Is the ‘selfie’ a mere craze or a real mode of self-expression, reflecting a society undergoing a thorough digital disruption?
Joint interview with Joëlle Menrath, a sociologist who heads up the consulting and applied research firm Discours et Pratiques, and André Gunthert, associate professor at leading French research and higher education institute EHESS, who specialises in visual and digital cultures, during a broadcast of L’Atelier Numérique (Atelier Digital) radio show.
L’Atelier: Joëlle Menrath, you’ve carried out a study for the French Telecoms Federation. What does the Federation think of the ‘selfie’ trend?
Joëlle Menrath: It’s a trend that has been much mocked, but it has become phenomenally popular – even to the point of having an entry in the Oxford dictionary! But this practice has met with quite a lot of moral disapproval and this is perhaps what makes it especially interesting. Perhaps the disapproval is what has made it so popular if we believe the argument that our society is now beset by catastrophic egotism. But if you look back in history, there’s nothing really new about such disapproval. When photography had just been invented, or a few years later anyway, Baudelaire came out with a tirade about what he called a disgusting society rushing, Narcissus-like, to gaze at a photographic reproduction.
But the selfie also serves to break down all the formality of the visual codes. Can we spot this by analysing digital images?
André Gunthert: Yes, you can, because it’s a fact that taking a photo of yourself is not a natural thing to do, especially from a practical point of view. When you take a selfie you have to twist the camera round and people can really see that’s what you’ve done. How it differs from a painted self-portrait, where you don’t actually know that the artist has painted him/herself, is that a selfie always shows signs that the photo has been taken by the subject him or herself – a bit of your arm showing, your shoulder sloping towards the lens, and so on. Celebrities are now also following this popular visual trend because the selfie projects a more intimate image, the more natural feel of an amateur photo. The aim is to let their fans get more intimate with them, to make themselves more accessible.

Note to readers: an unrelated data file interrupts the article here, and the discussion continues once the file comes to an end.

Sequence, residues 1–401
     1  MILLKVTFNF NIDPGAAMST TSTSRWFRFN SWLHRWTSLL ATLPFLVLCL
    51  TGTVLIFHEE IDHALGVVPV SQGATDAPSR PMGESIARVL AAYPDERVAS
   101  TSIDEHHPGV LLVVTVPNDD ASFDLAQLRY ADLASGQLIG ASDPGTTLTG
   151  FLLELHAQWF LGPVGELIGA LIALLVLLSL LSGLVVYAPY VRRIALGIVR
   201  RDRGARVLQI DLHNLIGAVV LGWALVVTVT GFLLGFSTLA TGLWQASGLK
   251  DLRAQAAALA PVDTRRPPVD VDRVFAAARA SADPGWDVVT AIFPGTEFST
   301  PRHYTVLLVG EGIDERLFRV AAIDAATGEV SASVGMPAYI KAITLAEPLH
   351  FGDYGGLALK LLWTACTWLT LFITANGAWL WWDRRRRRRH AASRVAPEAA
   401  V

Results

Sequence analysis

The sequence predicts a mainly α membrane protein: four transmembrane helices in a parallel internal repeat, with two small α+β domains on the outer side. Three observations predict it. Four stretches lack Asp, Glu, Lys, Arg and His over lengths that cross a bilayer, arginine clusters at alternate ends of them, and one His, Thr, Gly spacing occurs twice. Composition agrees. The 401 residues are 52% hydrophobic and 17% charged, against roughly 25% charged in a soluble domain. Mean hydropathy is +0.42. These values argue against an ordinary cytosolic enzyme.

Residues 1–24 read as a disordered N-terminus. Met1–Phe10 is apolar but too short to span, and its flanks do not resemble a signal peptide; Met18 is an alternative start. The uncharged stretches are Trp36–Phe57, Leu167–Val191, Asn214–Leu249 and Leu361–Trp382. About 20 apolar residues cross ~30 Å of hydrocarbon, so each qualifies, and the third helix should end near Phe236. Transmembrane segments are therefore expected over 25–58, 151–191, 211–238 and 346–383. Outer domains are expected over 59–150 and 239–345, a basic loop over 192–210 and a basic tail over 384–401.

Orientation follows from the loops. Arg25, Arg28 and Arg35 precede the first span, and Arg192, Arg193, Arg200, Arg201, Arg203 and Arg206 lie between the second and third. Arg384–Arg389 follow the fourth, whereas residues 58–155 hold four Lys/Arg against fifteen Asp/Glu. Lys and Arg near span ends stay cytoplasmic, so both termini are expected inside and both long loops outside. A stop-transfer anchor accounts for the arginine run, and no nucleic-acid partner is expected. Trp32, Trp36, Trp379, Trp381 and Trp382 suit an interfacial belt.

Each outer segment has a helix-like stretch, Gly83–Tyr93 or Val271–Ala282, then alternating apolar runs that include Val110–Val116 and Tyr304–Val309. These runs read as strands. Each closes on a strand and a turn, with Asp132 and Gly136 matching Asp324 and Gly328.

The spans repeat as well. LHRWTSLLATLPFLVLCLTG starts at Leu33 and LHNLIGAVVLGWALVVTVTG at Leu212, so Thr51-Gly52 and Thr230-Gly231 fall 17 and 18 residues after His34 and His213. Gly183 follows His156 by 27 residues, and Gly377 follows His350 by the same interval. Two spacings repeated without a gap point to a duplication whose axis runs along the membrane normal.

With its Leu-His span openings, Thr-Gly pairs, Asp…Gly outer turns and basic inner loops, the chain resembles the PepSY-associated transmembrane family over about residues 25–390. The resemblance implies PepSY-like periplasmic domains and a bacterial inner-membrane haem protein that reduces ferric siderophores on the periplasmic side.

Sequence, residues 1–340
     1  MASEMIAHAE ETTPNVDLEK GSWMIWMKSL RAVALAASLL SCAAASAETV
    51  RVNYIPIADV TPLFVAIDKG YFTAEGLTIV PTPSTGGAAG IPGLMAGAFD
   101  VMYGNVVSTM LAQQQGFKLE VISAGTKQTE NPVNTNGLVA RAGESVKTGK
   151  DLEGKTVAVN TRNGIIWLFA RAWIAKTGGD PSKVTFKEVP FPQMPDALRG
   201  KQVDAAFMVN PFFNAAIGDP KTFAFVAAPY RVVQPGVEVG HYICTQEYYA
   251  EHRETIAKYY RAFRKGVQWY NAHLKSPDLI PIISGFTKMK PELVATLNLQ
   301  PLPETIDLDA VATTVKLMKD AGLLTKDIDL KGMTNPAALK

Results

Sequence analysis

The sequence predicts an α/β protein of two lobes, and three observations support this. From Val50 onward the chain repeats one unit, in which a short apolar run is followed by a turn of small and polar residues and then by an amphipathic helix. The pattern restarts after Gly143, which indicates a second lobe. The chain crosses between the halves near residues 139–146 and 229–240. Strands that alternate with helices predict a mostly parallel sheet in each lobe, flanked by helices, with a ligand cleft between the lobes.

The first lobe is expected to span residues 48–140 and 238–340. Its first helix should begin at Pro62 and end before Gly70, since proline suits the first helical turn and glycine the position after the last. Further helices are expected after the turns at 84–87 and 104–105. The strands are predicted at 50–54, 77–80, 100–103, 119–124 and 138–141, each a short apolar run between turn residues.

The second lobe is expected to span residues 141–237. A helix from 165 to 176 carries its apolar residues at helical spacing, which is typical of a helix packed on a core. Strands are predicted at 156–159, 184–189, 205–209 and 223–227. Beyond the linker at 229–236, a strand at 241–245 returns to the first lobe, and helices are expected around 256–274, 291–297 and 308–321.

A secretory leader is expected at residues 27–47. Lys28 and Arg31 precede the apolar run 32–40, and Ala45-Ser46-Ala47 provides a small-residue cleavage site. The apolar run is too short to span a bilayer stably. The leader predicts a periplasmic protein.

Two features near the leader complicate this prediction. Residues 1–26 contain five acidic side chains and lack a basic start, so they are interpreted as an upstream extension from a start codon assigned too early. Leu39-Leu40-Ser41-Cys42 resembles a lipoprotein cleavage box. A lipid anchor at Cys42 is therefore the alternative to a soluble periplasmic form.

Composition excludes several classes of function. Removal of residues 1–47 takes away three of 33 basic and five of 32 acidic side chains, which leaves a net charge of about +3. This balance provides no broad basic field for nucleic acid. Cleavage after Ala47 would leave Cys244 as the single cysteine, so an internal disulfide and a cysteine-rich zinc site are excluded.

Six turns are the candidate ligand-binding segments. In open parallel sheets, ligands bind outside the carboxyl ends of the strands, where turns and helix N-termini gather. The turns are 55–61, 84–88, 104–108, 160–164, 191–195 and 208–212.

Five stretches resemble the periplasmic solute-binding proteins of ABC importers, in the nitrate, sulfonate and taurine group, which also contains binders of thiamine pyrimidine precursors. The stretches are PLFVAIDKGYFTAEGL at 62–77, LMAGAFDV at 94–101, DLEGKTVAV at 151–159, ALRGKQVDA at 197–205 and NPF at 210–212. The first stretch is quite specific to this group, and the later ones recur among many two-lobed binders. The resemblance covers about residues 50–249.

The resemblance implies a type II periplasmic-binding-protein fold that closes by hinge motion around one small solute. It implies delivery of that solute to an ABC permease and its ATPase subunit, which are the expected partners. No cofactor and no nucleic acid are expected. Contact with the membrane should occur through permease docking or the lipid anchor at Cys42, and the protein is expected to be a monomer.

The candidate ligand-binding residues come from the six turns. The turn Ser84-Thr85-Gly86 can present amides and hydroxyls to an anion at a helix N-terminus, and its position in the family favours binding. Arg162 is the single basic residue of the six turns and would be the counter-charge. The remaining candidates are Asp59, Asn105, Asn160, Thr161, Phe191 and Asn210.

Joëlle Menrath: Nowadays it’s also a sort of entry ticket to the social networks. If you don’t put a picture in the profile box, a little icon is left there in its place. So these days you do need a photo of yourself. But it’s not so much that taking photos of yourself means you’re in love with your own appearance, it’s more that the selfie avoids you having to ask someone else to “take ten photos of me until I get one of me I like.” You have to realise that this is not a particularly spontaneous thing to do, especially among teenagers, who take 15, 20, 30, 40 photos until they finally find just the angle they like…or until they find a standard pose they’re looking for. And they often like using the same pose as their friends as a way to express their friendship. A bit like wearing the same type of clothes.
Viewed like that then, a selfie isn’t necessarily something narcissistic at all. It’s more a way of fitting into the group or expressing belonging…
André Gunthert: It’s more complicated than that. I think we have to distinguish two things. First of all, when we’re talking about a profile picture or an avatar, you can use an image other than a photo of yourself – a portrait, a painting, an ad, etc. So in a way, using a selfie for your avatar is like making a sort of public statement, because the attraction lies in the very fact that it’s a poor-quality photograph, simply because when you take a selfie you haven’t got much control over the shot, you can’t arrange the composition and you don’t apply the same skill level as someone else taking a photo of you. Selfies are pictures with built-in faults, and we appreciate them for those faults. This is what makes them natural, what gives them their special character. Secondly, these pictures can also be used on messaging services and chat channels. Circulating pictures in this way – and you can’t keep track of it – serves a whole series of purposes: showing off your new hairstyle, trying out a pair of glasses and what-all-else. There are many other ways to use a picture. But what bothers people is that in our Western tradition when you see a face, when you see the depiction of a face, you’re inclined to believe that it’s actually intended as a portrait, which is not always the case. In actual fact you need to see the context in which it was taken and is being used.